You can check out the schedule for the Norway in a Nutshell tour you’re intending to do to see what times everyone else will be traveling, then choose your own tickets to avoid the congestion. Here is the itinerary for the Norway in a Nutshell tour through Fjord Tours for Bergen to Oslo (one way).

There are quite a few itineraries, based on where you’re starting from, so this will vary slightly for which one you pick (just check their website for the one you need). This is the itinerary that I recommend for most people, because it will allow you to get from Bergen to Oslo without wasting any extra time, so you can see more of the country than just one major city.

You can also do the same trip from Oslo to Bergen. It’s the same components, just different times.

♦ Depart from Bergen on the Bergen Railway at 8:43am ↪ Arrive in Voss at 9:56am
♦ Depart from Voss by bus at 10:10am ↪ Arrive in Gudvangen at 11:20am
♦ Depart from Gudvangen on the Fjord cruise at 11:30am ↪ Arrive in Flåm at 1:30pm
♦ Depart from Flåm on the Flam Railway at 4:04pm ↪ Arrive in Myrdal at 5:03 pm
♦ Depart from Myrdal on the Bergen Railway at 5:54pm ↪ Arrive in Oslo at 10:35pm

There are a few components that can’t be changed on this itinerary. For instance, you have to catch the 8:43am train to get to the bus in time to make it to Gudvangen for the premium boat. There are no other times that are viable.

If you take the 12:30 classic boat, you can take a later train. The parts you can change are everything following the arrival in Flam. You can take a later trip on the Flam Railroad, and a later train from Myrdal to Oslo.

norway waterfall

Optimize for Weather

Another convenient aspect of being able to adjust the schedule is that you can actually wait until just before you go to book. The Norway in a Nutshell tour is so popular that you have to book it well in advance to get the day you want, particularly during the summer.

However, the tickets are non refundable or changeable, so you’ll be stuck to whatever day you chose. This can be a huge bummer if the weather calls for rain the entire day, as it often does). If you book your own tickets, you can wait until you know the weather forecast to book your tickets.

With the exception of the Myrdal to Oslo train segment, all the prices are fixed and won’t go up if you don’t book in advance.

Save Money

As you’ll see, booking the components of the trip yourself can save a significant amount of money. I’ll lay out all the costs and how to make the bookings yourself below.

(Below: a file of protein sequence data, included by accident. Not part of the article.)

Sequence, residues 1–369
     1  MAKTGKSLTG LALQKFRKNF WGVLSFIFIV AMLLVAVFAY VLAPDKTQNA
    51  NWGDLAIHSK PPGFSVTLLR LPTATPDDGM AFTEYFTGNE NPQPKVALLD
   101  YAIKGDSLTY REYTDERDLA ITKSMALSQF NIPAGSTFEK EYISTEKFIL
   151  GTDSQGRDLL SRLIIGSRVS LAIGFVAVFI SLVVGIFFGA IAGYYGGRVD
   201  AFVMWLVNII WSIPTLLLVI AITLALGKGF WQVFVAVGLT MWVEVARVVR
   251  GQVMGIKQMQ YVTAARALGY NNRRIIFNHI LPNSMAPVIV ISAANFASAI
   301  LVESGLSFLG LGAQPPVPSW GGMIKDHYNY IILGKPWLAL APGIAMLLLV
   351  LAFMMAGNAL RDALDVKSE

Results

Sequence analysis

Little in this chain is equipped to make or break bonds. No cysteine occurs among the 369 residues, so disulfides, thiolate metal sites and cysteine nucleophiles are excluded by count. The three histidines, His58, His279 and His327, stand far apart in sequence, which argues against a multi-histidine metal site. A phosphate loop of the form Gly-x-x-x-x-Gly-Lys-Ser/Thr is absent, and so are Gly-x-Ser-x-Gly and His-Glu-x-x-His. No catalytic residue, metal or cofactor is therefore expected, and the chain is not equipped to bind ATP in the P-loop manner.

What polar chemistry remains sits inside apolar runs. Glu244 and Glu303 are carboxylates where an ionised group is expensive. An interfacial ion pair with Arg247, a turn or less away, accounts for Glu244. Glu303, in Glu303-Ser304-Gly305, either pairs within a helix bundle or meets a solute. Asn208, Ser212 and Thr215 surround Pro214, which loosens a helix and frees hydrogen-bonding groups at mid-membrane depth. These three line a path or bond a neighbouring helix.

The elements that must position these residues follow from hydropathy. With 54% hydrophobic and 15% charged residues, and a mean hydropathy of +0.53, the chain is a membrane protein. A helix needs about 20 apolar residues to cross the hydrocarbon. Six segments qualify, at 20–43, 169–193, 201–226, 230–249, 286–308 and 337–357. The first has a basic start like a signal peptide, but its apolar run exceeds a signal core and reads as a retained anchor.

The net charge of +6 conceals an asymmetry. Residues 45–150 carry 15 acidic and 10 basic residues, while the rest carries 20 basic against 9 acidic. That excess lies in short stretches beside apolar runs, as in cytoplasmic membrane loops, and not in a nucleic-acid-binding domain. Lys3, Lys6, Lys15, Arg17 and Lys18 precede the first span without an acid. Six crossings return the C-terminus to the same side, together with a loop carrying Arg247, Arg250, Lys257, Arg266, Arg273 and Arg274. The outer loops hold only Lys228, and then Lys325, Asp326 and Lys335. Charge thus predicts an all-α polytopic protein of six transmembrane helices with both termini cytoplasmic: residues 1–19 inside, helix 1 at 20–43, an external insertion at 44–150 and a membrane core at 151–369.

One of the biggest ways to save money on this tour is on the Bergen Railway segment from Myrdal to Oslo or Oslo to Myrdal (depending on your itinerary). If you book well enough in advance on the NSB website, there are discounted rates.

For instance, booking out just one week from Flam to Oslo costs around 1100 NOK, but booking 2 months in advance produces prices of just 650 NOK. You can book up to 3 months in advance, and I would highly recommend it if you can.

Booking the entire trip myself, 2 months in advance, this is the cost of the trip:

  • 210 NOK ($25) for Bergen to Voss train (8:43-9:56)
  • 57 NOK ($7) for Voss to Gudvangen bus (10:10-11:20)
  • 475 NOK ($56) for the Fjord Cruise Nærøyfjord from Gudvangen – Flam (11:30-1:30 premium cruise)
  • 650 NOK ($77) for the Flam Railway to Myrdal and Myrdal to Oslo train (17:25-00:05 – can be booked as one trip)

TOTAL: 1392 NOK ($166 USD)

If you remember from above, the cost of this same trip through Fjord Tours is $286. Booking it yourself can save up around $102 dollars. If there are 2 of you traveling, that’s $200 you could put toward food or another tour. Seeing how Norway is already a very expensive country to visit, I will take the savings where ever I can get them.

Frequently Asked Questions

How is the public transportation system in Norway?

Norway has an efficient and reliable public transportation system, including trains, buses, ferries, and domestic flights. The train network connects major cities, while buses cover smaller towns and rural areas. Ferries are essential for reaching many coastal and island destinations.

What clothing should I pack for a trip to Norway?

It’s important to pack clothing suitable for Norway’s variable weather conditions. In summer, bring layers, including a waterproof jacket and sturdy hiking shoes. In winter, pack warm layers, a heavy coat, gloves, a hat, and waterproof boots, especially if you plan to engage in outdoor activities like skiing or Northern Lights viewing.

When is the best time to visit Norway?